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Sunday, January 1, 2012

A Night in Heaven


For those of you that haven't been to Ron Black's site "Lakeland Hunting Memories" which can be accessed from my list of recommended reads on line, here is a short story from there that gives you a taste of what you'r missing. Mostly Lakeland Memories saunters through and around the time between the 50's/ 70's when the local packs as well as others across Lakeland ran the traditional gauntlet after their quarry. Stories about Harriers, Terriers, Lurchers and more give you a warm feeling of comraderie that must have prevailed in this taditional hunting style. I hate I missed it!


A Night in Heaven

The bus swayed and lurched as it climbed Dunmail Raise, crested the summit and began the descent on the Thirlmere side. As it picked up speed it became difficult to walk along the top deck and descend the stairs due to the jolting. I just managed to get down the stairs and attract the driver’s attention in time for him to stop at the little church at Wythburn. We bade each other “Goodnight”, and I stepped off the bus and into the road, adjusted my pack, and began the long, boring ascent of Helvellyn.

I had caught the last bus from Ambleside to Keswick and the darkening of the sky showed the lateness of the hour. It would go dark on that summer night, but it would not last for any great length of time.

It was another trip up Helvellyn to see the dawn. Not the first by any means, but so far I had had no success. On one occasion I was defeated by low cloud and a weather front that had sneaked in during the few hours of darkness. On another, we had carried a tent up on that still evening, in the school holidays, and pitched it on the summit plateau. We had climbed into our sleeping bags and attempted to get some sleep, only to be awoken by a strong wind and showers of rain that reduced our tent to a flapping hulk, and greatly worried the lad to whom it belonged. It was one of the old ex-army ridge type tents and totally unsuitable for camping at 3000 feet plus. However, today had been bright and there had been an almost cloudless sky all day and the forecast was good.

I climbed slowly through the trees. Even in the 1960s it was a good track, but today it is almost paved, such is the usage it gets, which unchecked would cause massive erosion. Soon the forestry was behind me and instead of looking at the trees I was looking at the tops of them. Little spurts of dust rose as my feet struck the ground. We had had no rain for weeks and the fell side reflected this.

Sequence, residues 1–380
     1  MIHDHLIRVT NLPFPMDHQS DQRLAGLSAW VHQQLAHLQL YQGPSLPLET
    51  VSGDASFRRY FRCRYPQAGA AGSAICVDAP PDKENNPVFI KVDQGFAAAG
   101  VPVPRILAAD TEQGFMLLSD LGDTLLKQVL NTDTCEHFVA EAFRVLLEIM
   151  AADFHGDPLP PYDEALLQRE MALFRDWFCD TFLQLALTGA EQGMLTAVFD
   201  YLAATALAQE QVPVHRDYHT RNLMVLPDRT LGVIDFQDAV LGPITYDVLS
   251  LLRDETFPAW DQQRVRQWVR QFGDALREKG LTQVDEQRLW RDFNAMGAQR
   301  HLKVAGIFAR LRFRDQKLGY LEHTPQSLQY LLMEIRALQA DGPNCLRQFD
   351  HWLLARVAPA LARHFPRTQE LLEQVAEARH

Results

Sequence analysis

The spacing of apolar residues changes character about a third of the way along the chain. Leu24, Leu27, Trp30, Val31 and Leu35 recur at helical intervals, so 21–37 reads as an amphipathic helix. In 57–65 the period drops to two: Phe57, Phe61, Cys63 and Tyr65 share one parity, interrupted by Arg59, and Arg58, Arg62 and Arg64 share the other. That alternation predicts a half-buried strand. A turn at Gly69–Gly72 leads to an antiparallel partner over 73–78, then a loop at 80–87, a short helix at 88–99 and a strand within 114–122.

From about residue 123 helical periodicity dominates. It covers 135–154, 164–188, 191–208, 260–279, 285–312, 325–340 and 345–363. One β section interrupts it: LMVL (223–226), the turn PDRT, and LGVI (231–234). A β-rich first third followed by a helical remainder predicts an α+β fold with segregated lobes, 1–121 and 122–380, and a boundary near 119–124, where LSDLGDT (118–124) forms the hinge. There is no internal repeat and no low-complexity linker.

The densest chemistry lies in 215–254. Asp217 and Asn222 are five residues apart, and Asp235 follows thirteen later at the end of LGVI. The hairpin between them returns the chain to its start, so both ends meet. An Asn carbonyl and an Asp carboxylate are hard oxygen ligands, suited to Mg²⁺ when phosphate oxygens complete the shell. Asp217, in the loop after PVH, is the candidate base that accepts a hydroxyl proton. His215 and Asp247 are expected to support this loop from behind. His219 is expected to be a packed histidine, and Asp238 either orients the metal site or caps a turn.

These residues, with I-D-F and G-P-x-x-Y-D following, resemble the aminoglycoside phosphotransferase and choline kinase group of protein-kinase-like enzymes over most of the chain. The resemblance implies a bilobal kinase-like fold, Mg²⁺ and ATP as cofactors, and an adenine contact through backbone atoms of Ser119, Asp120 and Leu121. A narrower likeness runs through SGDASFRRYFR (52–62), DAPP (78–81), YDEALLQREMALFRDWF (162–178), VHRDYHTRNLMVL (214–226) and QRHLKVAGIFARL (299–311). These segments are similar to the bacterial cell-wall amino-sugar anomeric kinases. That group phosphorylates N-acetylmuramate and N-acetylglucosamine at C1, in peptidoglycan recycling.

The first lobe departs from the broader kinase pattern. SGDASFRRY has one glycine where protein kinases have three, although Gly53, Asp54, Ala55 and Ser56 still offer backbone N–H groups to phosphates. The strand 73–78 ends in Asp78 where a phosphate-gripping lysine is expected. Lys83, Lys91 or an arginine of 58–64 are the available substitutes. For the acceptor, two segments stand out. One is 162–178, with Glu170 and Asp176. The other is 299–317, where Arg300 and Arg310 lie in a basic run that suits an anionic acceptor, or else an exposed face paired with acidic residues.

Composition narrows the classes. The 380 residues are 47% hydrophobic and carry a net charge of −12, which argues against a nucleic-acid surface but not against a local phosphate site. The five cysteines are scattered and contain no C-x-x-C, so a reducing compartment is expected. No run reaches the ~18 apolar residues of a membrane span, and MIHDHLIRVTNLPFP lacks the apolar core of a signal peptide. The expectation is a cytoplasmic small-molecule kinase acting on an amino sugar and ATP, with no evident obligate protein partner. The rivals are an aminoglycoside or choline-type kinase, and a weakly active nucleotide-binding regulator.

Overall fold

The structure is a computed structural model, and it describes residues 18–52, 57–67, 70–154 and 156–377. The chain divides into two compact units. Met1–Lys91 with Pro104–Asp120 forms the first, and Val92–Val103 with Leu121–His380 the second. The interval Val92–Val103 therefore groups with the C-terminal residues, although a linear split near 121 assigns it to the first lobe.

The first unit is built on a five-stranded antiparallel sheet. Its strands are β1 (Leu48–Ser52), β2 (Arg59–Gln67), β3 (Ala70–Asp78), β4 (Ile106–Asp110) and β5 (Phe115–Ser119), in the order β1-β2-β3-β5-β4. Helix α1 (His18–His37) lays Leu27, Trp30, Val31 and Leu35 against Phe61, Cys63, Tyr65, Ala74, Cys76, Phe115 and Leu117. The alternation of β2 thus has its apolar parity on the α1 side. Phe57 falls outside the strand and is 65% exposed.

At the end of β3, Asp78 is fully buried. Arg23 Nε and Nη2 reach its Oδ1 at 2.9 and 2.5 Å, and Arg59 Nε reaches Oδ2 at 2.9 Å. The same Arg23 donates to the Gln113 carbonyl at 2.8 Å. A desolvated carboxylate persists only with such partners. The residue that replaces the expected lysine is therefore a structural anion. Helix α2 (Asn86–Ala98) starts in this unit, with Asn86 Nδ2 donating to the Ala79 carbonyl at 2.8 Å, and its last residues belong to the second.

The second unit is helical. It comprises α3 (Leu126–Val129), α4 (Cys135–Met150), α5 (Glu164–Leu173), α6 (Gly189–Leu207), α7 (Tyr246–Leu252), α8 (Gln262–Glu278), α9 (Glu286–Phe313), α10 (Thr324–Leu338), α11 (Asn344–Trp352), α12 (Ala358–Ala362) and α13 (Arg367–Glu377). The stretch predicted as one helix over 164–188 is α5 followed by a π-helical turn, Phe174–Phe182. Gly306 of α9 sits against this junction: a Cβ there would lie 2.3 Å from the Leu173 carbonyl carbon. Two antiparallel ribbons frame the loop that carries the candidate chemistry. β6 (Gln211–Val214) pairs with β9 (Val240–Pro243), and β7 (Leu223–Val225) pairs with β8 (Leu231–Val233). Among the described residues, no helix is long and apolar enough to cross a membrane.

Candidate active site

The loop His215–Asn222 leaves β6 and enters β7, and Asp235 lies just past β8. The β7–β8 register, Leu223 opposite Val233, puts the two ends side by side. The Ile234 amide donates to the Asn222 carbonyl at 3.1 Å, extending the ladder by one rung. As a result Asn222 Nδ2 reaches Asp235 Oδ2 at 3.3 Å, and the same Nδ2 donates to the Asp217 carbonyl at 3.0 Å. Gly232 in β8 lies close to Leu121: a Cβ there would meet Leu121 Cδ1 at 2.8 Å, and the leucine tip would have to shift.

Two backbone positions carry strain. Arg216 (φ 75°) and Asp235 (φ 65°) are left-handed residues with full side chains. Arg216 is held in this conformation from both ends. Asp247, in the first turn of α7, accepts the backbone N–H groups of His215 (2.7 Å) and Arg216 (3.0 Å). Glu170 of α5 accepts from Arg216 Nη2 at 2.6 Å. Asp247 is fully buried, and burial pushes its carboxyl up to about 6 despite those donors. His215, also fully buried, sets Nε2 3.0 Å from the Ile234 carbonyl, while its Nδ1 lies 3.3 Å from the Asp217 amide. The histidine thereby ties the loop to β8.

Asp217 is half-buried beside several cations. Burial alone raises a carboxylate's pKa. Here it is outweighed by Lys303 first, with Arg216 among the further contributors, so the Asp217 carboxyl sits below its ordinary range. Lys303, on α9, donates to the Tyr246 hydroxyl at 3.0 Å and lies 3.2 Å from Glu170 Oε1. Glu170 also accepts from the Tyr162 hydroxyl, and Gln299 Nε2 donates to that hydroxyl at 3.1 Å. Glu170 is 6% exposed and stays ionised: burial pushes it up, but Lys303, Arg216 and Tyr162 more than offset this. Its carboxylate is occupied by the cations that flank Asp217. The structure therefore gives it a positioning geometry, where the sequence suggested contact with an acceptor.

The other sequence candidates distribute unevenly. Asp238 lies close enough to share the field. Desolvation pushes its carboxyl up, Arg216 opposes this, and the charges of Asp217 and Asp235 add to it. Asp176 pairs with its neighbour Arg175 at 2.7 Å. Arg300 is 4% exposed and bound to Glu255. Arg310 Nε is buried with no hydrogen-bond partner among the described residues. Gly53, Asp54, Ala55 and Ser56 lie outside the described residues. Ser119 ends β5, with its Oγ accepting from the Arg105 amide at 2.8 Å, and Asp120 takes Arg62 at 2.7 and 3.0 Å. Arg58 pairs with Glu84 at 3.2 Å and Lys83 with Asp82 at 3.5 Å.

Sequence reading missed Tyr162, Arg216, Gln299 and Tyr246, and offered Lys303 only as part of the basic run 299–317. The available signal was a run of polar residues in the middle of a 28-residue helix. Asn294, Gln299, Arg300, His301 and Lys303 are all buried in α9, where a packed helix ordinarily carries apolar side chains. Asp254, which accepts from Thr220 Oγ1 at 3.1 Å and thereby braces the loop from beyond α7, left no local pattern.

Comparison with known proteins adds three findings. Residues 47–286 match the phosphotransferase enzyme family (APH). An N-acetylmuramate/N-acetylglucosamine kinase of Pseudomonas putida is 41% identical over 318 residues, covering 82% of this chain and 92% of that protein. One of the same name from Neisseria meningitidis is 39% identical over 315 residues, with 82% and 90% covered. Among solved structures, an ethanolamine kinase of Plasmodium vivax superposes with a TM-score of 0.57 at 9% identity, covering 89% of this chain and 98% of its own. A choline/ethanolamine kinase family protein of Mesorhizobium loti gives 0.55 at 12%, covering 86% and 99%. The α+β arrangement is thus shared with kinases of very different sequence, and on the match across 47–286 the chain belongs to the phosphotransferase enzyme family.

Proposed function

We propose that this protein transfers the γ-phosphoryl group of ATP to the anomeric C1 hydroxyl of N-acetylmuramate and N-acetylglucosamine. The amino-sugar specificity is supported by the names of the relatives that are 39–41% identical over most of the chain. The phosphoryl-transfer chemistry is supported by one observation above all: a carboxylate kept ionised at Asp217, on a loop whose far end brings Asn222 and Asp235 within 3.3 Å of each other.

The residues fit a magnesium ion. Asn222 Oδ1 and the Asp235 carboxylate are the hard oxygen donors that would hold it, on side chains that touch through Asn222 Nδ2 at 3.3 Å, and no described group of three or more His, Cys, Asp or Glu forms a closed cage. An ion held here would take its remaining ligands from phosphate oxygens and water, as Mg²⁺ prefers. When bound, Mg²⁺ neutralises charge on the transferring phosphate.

To my left stretching away in the distance was Thirlmere, one of the sources of Manchester’s water supply since the 1930s, to my right Dunmail Raise and Steel Fell that towers above it. The top of Helm Crag, the site of many hunting adventures was not yet visible in the late evening light.

The sun had gone now, sinking over the Langdale fells with one final show of defiance, before it disappeared. Shadows lengthened in the valley bottom and the temperature noticeably dropped. I buttoned up my shirt. My path joined another path coming up from Grisedale Tarn, a lovely spot, and my descent route with the dawn. The path continued across the plateau rising slightly to the memorial to the two men, who, in 1926, landed a plane up there. Luckily two walkers were present to witness their achievement.

Moving on I passed the Gough memorial, situated above the cliffs that fall away to Red Tarn over a thousand feet below. In the year 1805 an artist called Charles Gough fell to his death from these rocks, whilst crossing Helvellyn to fish in Thirlmere Lake. His body lay on the shore of the tarn for three months, guarded by his faithful dog, until their discovery by a farmer. On the body was a penknife with his name engraved upon it, two and a half guineas in gold and fifteen shillings in silver, all of which were given to the overseer of Patterdale to be distributed to the local poor.

Soon I reached the shelter just under the actual summit. Built of local stone it is shaped like a cross with stone benches against the back wall. It had been re-built just after I left school and I had carried half a bag of cement up to help in the process. A couple were already in residence and had come equipped. Despite the climb they had had enough breath left to inflate two airbeds. I was destined to sleep on the ground. I wandered on passing the trig pillar that marks the highest point. Here the ground falls away to Red Tarn a thousand feet below, but if you look hard there are a couple of places where you can lay in your sleeping bag just under the top. It pays not to toss and turn in your sleep however.

After locating a suitable place I unpacked my sleeping bag and set out across the plateau to Brownrigg Well to get some water for a brew. I have no idea how water collects so high on Helvellyn but collect it does, and, although I have not used the spring many times, I have never known it fail. It did not take long to return to my “spot” and soon the purr of the primus stove could be heard.